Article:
U.S. Secretary of State John Kerry joins dozens of world leaders for a signing ceremony that is expected to set a record for international diplomacy: Never have so many countries signed an agreement on the first available day. States that don't sign Friday have a year to do so.
Many now expect the climate agreement to enter into force long before the original deadline of 2020. Some say it could happen this year.
After signing, countries must formally approve the Paris Agreement through their domestic procedures. The United Nations says at least 13 countries are expected to do that Friday by depositing their instruments of ratification.
Artwork entitled 'Earth Crisis' by American artist Shepard Fairey is displayed on the Eiffel Tower illuminated in colour, as part of the organisation of the Conference on Climate Change COP21 on Nov. 22, 2015 in Paris. (Photo: Chesnot/Getty Images)
The agreement will enter into force once 55 countries representing at least 55 per cent of global emissions have formally joined it. The United States and China, which together account for nearly 40 per cent of global emissions, have said they intend to join this year.
"We definitely want to be in the first wave of ratifying countries," Maros Sefcovic, the energy chief for another top emitter, the 28-nation European Union, told reporters Thursday.
"We definitely want to be in the first wave of ratifying countries."
Countries that had not yet indicated they would sign the agreement Friday include some of the world's largest oil producers, including Saudi Arabia, Iraq, Nigeria and Kazakhstan, the World Resources Institute said Thursday.
The Paris Agreement, the world's response to hotter temperatures, rising seas and other impacts of climate change, was reached in December as a major breakthrough in U.N. climate negotiations, which for years were slowed by disputes between rich and poor countries over who should do what.
Under the agreement, countries set their own targets for reducing emissions of carbon dioxide and other greenhouse gases. The targets are not legally binding, but countries must update them every five years.
An activist hold a poster during a demonstration near the Eiffel Tower, in Paris on Dec.12, 2015 during COP21, the United Nations Climate Change Conference. (Photo: Thibault Camus/Associated Press)
Already, states face pressure to do more. Scientific analyses show the initial set of targets that countries pledged before Paris don't match the agreement's long-term goal to keep global warming below 2 degrees Celsius (3.6 degrees Fahrenheit), compared with pre-industrial times. Global average temperatures have already climbed by almost 1 degree C. Last year was the hottest on record.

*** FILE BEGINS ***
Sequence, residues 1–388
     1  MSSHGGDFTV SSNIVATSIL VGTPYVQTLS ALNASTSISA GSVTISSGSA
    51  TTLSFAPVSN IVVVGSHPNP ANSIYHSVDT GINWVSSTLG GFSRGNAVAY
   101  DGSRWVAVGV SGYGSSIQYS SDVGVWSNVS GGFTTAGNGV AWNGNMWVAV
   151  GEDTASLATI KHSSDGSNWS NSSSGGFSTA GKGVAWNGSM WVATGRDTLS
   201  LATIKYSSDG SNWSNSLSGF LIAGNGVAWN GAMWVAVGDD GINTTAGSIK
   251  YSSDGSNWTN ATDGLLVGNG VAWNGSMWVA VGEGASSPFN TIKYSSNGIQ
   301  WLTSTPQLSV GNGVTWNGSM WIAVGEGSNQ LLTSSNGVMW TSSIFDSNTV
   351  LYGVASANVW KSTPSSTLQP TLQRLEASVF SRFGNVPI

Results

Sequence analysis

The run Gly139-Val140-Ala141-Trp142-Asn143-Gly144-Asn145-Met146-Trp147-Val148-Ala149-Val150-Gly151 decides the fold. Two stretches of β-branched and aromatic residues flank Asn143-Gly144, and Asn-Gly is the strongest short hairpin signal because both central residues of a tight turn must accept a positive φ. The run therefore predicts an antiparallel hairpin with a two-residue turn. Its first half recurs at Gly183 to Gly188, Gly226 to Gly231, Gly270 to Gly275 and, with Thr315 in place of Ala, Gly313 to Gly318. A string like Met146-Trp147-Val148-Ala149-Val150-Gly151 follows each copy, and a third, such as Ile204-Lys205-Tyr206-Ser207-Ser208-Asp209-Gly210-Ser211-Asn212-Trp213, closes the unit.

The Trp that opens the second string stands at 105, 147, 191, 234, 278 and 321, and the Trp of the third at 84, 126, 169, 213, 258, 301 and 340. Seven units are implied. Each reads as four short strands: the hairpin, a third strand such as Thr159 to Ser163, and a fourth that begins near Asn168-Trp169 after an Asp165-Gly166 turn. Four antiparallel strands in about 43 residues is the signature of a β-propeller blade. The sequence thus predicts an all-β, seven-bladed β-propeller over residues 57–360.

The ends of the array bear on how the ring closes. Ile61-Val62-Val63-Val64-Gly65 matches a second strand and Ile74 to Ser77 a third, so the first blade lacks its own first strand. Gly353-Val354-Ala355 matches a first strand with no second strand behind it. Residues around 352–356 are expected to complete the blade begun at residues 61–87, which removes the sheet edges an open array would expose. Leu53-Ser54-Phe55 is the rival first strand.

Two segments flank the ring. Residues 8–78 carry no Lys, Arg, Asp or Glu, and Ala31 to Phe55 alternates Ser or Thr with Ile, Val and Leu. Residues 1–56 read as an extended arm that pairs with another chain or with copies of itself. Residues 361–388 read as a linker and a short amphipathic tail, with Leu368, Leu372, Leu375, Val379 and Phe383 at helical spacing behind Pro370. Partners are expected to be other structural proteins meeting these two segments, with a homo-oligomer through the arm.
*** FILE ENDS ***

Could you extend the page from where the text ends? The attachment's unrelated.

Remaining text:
The latest analysis by the Climate Interactive research group shows the Paris pledges put the world on track for 3.5 degrees C of warming. A separate analysis by Climate Action Tracker, a European group, projected warming of 2.7 degrees C.
Either way, scientists say the consequences could be catastrophic in some places, wiping out crops, flooding coastal areas and melting Arctic sea ice.
"Walking away from the agreement would instantly turn the U.S. from a leader to a defector."
The United States is a key concern for the Paris Agreement as other countries worry what the next president might do. Analysts say that if the agreement enters into force before President Barack Obama leaves office in January, it would be more complicated for his successor to withdraw from the deal, because it would take four years to do so under the agreement's rules.
"Walking away from the agreement would instantly turn the U.S. from a leader to a defector" with serious diplomatic consequences, Elliot Diringer of the U.S.-based Center for Climate and Energy Solutions think-tank told reporters Thursday.
The Obama administration is expected to treat the deal as an executive agreement, which needs only the president's approval.
As the Paris Agreement moves forward, there is some good news. Global energy emissions, the biggest source of man-made greenhouse gases, were flat last year even though the global economy grew, according to the International Energy Agency.
Still, fossil fuels are used much more widely than renewable sources like wind and solar power.
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